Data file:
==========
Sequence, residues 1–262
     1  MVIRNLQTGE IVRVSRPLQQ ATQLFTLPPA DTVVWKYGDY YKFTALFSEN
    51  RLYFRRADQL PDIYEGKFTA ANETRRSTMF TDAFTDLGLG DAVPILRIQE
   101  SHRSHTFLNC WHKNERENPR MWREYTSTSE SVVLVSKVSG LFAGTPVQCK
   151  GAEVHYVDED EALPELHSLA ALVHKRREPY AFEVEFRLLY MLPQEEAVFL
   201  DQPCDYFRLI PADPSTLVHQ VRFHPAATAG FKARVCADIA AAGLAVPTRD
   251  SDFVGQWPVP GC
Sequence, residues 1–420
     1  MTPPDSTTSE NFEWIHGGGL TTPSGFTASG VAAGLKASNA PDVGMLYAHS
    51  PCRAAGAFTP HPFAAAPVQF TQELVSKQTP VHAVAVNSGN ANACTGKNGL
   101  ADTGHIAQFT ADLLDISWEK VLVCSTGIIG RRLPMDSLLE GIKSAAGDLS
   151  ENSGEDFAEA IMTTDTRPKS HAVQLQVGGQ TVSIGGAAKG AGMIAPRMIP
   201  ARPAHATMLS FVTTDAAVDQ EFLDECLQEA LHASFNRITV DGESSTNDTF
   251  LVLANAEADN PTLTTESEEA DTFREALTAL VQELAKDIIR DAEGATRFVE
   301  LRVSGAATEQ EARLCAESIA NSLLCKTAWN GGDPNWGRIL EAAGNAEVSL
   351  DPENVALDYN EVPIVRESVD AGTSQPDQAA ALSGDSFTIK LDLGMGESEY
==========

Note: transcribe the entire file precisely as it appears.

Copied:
Sequence, residues 1–262
     1  MVIRNLQTGE IVRVSRPLQQ ATQLFTLPPA DTVVWKYGDY YKFTALFSEN
    51  RLYFRRADQL PDIYEGKFTA ANETRRSTMF TDAFTDLGLG DAVPILRIQE
   101  SHRSHTFLNC WHKNERENPR MWREYTSTSE SVVLVSKVSG LFAGTPVQCK
   151  GAEVHYVDED EALPELHSLA ALVHKRREPY AFEVEFRLLY MLPQEEAVFL
   201  DQPCDYFRLI PADPSTLVHQ VRFHPAATAG FKARVCADIA AAGLAVPTRD
   251  SDFVGQWPVP GC
Sequence, residues 1–420
     1  MTPPDSTTSE NFEWIHGGGL TTPSGFTASG VAAGLKASNA PDVGMLYAHS
    51  PCRAAGAFTP HPFAAAPVQF TQELVSKQTP VHAVAVNSGN ANACTGKNGL
   101  ADTGHIAQFT ADLLDISWEK VLVCSTGIIG RRLPMDSLLE GIKSAAGDLS
   151  ENSGEDFAEA IMTTDTRPKS HAVQLQVGGQ TVSIGGAAKG AGMIAPRMIP
   201  ARPAHATMLS FVTTDAAVDQ EFLDECLQEA LHASFNRITV DGESSTNDTF
   251  LVLANAEADN PTLTTESEEA DTFREALTAL VQELAKDIIR DAEGATRFVE
   301  LRVSGAATEQ EARLCAESIA NSLLCKTAWN GGDPNWGRIL EAAGNAEVSL
   351  DPENVALDYN EVPIVRESVD AGTSQPDQAA ALSGDSFTIK LDLGMGESEY